This most-recent incident at Rolesville High School has prompted the Wake County Public School System to re-assess its Memorandum of Understanding with Rolesville PD on the role its officers will play in school safety:

School administrators are reviewing the district’s agreement with local law enforcement agencies on school resource officers. The agreement, which is set to expire in June, says use of force by officers must be reasonable and not excessive, arbitrary or malicious.

“We’re looking at the memorandum of understanding in terms of the context of the incident and seeing if any actions need to be taken,” Lisa Luten, a Wake County schools spokeswoman, said Wednesday.

It remains to be seen if any tangible changes will be made when the MOU is renewed this June.

Rolesville Mayor Frank Eagles indicated there is bodycam footage of the incident, but neither he nor Police Chief Bobby Langston would offer any detail on what it showed. As part of a new law passed with wide bipartisan majorities in North Carolina last June, all police bodycam, dashcam, and other video have been removed from the state’s Public Records Act.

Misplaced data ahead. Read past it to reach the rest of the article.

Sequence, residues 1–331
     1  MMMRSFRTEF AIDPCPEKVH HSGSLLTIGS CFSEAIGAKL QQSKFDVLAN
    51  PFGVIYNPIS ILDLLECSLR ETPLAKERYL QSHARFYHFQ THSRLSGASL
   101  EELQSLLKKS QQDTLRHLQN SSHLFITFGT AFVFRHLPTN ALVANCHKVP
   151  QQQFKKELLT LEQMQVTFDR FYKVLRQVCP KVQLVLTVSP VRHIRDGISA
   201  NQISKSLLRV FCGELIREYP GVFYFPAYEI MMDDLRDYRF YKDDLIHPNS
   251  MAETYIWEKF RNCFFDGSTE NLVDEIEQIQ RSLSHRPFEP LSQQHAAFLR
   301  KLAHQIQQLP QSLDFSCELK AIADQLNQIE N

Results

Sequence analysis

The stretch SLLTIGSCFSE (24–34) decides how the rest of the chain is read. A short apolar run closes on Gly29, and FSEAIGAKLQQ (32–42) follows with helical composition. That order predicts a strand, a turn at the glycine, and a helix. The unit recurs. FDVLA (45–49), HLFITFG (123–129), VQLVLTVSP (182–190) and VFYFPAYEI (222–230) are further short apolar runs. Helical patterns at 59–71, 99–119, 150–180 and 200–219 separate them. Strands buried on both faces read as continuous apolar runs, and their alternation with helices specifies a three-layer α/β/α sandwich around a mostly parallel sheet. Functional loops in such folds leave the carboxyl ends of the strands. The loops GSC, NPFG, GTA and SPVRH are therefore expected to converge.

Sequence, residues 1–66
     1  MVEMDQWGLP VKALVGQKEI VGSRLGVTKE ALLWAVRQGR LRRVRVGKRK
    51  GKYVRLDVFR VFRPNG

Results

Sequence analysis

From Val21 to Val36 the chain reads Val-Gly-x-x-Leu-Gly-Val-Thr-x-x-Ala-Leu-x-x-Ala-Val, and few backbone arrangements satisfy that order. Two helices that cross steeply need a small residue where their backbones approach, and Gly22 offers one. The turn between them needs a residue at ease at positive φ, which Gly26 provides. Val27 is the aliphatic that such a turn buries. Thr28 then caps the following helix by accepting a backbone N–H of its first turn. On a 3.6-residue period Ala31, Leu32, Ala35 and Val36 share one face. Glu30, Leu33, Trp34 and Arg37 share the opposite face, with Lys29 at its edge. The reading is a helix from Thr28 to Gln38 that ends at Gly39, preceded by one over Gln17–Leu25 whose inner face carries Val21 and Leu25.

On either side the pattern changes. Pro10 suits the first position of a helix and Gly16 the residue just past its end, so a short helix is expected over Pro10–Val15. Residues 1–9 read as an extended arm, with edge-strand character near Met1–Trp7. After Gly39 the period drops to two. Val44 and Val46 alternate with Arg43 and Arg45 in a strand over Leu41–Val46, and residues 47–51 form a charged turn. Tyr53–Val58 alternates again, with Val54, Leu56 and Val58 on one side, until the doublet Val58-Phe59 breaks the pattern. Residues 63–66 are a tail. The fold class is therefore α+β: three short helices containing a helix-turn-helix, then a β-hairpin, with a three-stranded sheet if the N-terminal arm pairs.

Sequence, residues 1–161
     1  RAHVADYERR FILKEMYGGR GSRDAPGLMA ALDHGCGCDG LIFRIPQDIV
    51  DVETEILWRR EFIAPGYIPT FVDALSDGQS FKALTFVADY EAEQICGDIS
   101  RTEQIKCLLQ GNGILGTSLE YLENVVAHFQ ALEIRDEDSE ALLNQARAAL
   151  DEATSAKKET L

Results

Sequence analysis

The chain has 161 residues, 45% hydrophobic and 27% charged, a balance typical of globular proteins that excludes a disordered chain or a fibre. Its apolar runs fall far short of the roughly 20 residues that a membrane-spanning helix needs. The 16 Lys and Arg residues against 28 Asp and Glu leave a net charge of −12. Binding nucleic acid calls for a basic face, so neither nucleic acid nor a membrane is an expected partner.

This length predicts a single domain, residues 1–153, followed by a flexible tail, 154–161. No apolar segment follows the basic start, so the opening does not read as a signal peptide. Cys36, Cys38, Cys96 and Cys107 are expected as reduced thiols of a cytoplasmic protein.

Jasmine Dawson’s mother told local media her daughter now has a concussion, while Officer Santos is on paid leave during the investigation.

6 Comments on this post.

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  • DaveL
    5 January 2017 at 8:57 am - Reply

    The “reasonable force” standard misses the point. By the time a school disciplinary matter has been escalated into a criminal matter, any reasonable resolution by pedagogical standards has already gone out the window.

    • shg
      5 January 2017 at 9:10 am - Reply

      Cites for “reasonable resolution” and “pedagogical standards,” please?

      • DaveL
        5 January 2017 at 1:08 pm - Reply